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16S rRNA sequencing of samples from universal stool bank donors

Abstract

Objectives

Universal stool banks provide stool to physicians for use in treating recurrent Clostridioides difficile infection via fecal microbiota transplantation. Stool donors providing the material are rigorously screened for diseases and disorders with a potential microbiome etiology, and they are likely healthier than the controls in most microbiome datasets. 16S rRNA sequencing was performed on samples from a selection of stool donors at a large stool bank, OpenBiome, to characterize their gut microbial community and to compare samples across different timepoints and sequencing runs.

Data description

16S rRNA sequencing was performed on 200 samples derived from 170 unique stool donations from 86 unique donors. Samples were sequenced on 11 different sequencing runs. We are making this data available because rigorously screened, likely very healthy stool donors may be useful for characterizing and understanding microbial community differences across different populations and will help shed light into the how the microbiome community promotes health and disease.

Objective

Universal stool banks provide rigorously-screened stool to physicians treating patients with recurrent Clostridioides difficile infection using fecal microbiota transplantation under US Food and Drug Administration enforcement discretion [1, 2] as well as for research purposes. These stool banks provide centralized donor screening and material preparation, which increases the quality and accessibility of fecal microbiota transplantation as a therapy. Rigorous screening of donors is required to prevent transmission of pathogens or other microbiome-mediated diseases from the donor to the recipient.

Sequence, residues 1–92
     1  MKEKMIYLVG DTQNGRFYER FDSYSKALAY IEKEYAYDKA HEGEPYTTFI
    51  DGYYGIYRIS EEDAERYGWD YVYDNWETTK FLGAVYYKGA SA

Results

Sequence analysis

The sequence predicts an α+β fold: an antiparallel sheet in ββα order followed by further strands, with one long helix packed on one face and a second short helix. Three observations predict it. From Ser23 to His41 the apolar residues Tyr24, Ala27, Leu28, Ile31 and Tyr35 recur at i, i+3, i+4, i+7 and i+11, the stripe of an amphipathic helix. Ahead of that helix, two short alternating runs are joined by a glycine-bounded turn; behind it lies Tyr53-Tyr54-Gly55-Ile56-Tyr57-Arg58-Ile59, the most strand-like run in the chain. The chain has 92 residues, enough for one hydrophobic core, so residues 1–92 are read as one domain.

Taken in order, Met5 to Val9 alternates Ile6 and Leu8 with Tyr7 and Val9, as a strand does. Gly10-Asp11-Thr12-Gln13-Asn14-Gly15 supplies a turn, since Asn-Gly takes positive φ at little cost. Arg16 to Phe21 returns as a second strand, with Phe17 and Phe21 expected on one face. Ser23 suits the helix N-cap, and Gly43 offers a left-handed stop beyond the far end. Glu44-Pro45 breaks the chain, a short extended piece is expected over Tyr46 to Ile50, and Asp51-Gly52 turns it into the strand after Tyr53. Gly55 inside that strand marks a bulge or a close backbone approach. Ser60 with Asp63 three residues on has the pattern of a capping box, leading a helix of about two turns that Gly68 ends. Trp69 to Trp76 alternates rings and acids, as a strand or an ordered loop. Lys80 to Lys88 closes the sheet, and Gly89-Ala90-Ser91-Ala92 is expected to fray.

Table 1 Overview of data files/datasets

The dataset described below is sourced from stool donors from a large, non-profit stool bank (OpenBiome, Cambridge, MA). The bank uses a rigorous screening process [1] that includes (i) an online pre-screen survey where candidates are excluded based on common criteria including body mass index, logistic constraints, and recent antimicrobial use; (ii) an in-person clinical assessment and interview where candidates are excluded for reasons like medication use, infectious disease risk factors, and potentially microbiome-mediated indications such as psychiatric illness; and (iii) a battery of laboratory tests to confirm health status. This results in an average of 3% of candidates accepted as donors [3].

This dataset will complement and extend previously-published sequencing from a subset of the bank’s donors [4, 5]. This dataset will be important for understanding how microbiome communities vary across different populations and contribute to health and disease. We are making it available for use by the scientific community for use on its own or as a healthy control comparison population in studies of disease.

Data description

As a result of the extensive screening, this population is healthier compared to other sequenced healthy populations like the Human Microbiome Project or the American Gut Project [6, 7]. The criteria used by these large projects describe different portions of the healthy population but do not screen out as many participants as universal stool banks. A full comparison of these criteria is included in Data File 1. The 86 stool donors that have provided these samples are 71% male and 29% female. Their average age is 27.7, and their average body mass index is 23.1. A full table of available donor health data is in Data File 2.

This dataset consists of 200 samples that have been characterized using 16S rRNA sequencing. These samples come from 170 unique donations from 86 individual donors and were sequenced on 11 sequencing runs. Donations from 48 donors were sequenced more than once. Some of these samples have been included as replicates on the same or on different sequencing runs. 11 donations from 9 donors were sequenced more than once on the same run, and 15 donations from 10 donors were sequenced more than once on different runs.